The coin will be issued in an attractive presentation box and will be sold at Rs. 1200.
The Central Bank will also issue a circulation standard bimetal coin in the denomination of Rs. 10. This is the first time a bimetal coin has been issued in Sri Lanka. The coin is composed of a Nickel Brass inner ring and cupro nickel outer ring. It is round in shape with a diameter of 27.0 mm. The edge of the coin is milled bearing incuse lettering "CBSL", and weighs 9 gms. The coin will be legal tender in Sri Lanka and a liability of the Central Bank.
The obverse of the coin depicts the Sri Dalada Maligawa in Kandy with the Pattirippuwa (Octagon) in the forefront. The figure 50 in numerals and the words "Independence Anniversary" in Sinhala, Tamil and English against the figure fifty appear beneath the Dalada Maligawa. The years "1948 - 1998" is depicted on top on either side.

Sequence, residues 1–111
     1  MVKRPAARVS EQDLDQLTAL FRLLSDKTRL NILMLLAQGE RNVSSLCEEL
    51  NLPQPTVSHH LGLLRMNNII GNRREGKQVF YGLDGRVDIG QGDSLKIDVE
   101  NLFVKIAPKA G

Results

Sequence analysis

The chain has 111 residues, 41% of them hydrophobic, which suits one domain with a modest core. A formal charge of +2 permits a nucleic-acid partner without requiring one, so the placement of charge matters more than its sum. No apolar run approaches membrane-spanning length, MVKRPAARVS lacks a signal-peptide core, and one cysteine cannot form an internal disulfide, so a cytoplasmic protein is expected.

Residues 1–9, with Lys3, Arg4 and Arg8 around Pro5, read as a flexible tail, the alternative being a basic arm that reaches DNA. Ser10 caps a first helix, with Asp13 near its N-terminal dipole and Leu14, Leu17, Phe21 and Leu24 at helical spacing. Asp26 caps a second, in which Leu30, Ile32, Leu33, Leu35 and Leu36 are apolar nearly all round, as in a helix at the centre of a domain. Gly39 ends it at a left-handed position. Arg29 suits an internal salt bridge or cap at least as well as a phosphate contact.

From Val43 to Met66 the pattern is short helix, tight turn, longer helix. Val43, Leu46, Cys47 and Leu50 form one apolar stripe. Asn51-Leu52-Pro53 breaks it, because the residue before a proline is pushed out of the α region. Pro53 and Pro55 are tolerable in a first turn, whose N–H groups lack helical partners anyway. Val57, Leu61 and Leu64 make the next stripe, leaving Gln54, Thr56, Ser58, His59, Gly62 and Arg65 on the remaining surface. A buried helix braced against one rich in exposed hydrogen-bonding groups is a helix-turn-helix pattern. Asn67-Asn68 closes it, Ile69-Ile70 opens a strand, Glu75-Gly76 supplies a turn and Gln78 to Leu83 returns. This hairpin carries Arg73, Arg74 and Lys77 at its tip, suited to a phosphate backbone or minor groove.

The reverse of the coin depicts the words "Sri Lanka" in Sinhala, Tamil and English at the top centre of the coin. The figure 10 in Braille, and in large numerals is depicted below the words "Sri Lanka", with Rupees Ten in words in Sinhala, Tamil and English on either side of the figure Ten. The year 1998 is depicted at the bottom centre. The periphery of the coin is surrounded by a traditional Sinhala design in motifs.
A limited number of uncirculated coins will be issued in an attractively printed plastic case as collectors items.
The notes and coins will be issued to the general public through the Central Bank cash exchange counters at MICH Building, Bristol Street, Fort and through the two Regional Offices of the Central Bank at Anuradhapura and Matara and also through all Commercial Bank Branches.